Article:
Star Wars reinvigorated the movie poster, accentuating the concept of the one sheet as a collectible piece of artwork. That’s not to say movie posters weren’t collectibles before then but, as it did with so many other things, Star Wars set the bar a little higher. The movie poster was suddenly romantic and energetic again, and the best designs for Star Wars ably captured the film’s wonder, sweep and spectacle. The posters were not just promotional tools, but important artistic creations in their own right. Perhaps, the most famous is the image of heroic Luke Skywalker, complete with accentuated physique, holding his lightsaber aloft, with the giant head of Darth Vader in the stars behind him. Known as Style A, this was a poster design interpreted first by Tom Jung (who would create posters for all three of the original Star Wars trilogy) and then by The Brothers Hildebrandt, with dramatically differing styles.

Drew Struzan’s poster for the film, in collaboration with airbrush artist Charles White III, was a nostalgic piece harkening back to the Saturday morning serials upon which the movie was based. It has a torn poster on plywood effect that only came about because the original design had no room for the movie credits. The romantic design ethic continued with The Empire Strikes Back. Roger Kastel illustrated the classic poster for the Star Wars sequel (see below), having previously created the iconic image for Jaws. Again, it is an evocative illustration encompassing a montage of scenes and characters. The fantasy and romance pours from the poster and the colours beautifully reflect those of the movie. Tom Jung also created his own poster for the movie, featuring a striding Darth Vader holding out his hand, a pose reflecting the movie’s famous and oft-quoted line, ‘I am your father’.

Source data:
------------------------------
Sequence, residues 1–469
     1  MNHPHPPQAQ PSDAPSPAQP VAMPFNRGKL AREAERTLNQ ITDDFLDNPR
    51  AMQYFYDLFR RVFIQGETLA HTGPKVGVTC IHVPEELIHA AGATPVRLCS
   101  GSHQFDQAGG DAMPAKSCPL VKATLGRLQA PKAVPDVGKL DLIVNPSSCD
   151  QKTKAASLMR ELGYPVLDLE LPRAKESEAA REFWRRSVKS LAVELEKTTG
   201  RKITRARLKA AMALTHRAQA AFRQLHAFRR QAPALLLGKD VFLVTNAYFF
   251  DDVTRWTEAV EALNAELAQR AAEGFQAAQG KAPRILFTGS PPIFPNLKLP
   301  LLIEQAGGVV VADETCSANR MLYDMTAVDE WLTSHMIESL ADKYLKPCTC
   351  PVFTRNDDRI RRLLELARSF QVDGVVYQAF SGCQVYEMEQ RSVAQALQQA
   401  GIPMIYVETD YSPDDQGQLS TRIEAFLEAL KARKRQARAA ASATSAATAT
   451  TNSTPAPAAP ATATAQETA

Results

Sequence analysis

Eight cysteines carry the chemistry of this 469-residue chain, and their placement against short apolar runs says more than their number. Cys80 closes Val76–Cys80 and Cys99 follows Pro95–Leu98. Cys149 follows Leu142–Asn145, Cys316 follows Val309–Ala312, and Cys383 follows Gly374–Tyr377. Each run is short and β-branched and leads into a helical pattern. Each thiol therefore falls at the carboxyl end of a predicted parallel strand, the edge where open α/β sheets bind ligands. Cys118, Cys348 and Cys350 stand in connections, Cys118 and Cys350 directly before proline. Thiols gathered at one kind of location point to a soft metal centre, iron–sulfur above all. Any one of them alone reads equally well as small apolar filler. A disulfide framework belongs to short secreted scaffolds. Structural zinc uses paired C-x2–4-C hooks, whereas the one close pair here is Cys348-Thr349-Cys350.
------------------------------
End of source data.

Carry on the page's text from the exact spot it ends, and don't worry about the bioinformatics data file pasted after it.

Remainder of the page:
…….………….

Richard Amstel produced two wonderful illustrations for Raiders of the Lost Ark, having earlier worked on the poster for Flash Gordon (above). The Indiana Jones series, a natural successor to the romantic nostalgia of Star Wars, followed suit in utilising great artists to render promotional materials. Amsel’s work on Raiders still ranks among my favourites of all time (see his alternative version at the top of this page). The beautifully realised image of Harrison Ford lifting out of the sandstone (a mix of watercolour, acrylic, airbrush and coloured pencils) is not only iconic, but sets the tone and setting of the film perfectly. Again, Drew Struzan was given the chance to create his own design for the film, for its 10th anniversary re-release. Sadly, Richard Amsel died in 1985, only 38 old. Struzan then became the go-to guy for the Indiana Jones movies, as well as many others connected with Spielberg and Lucas, such as the Back to the Future trilogy and the Star Wars prequels.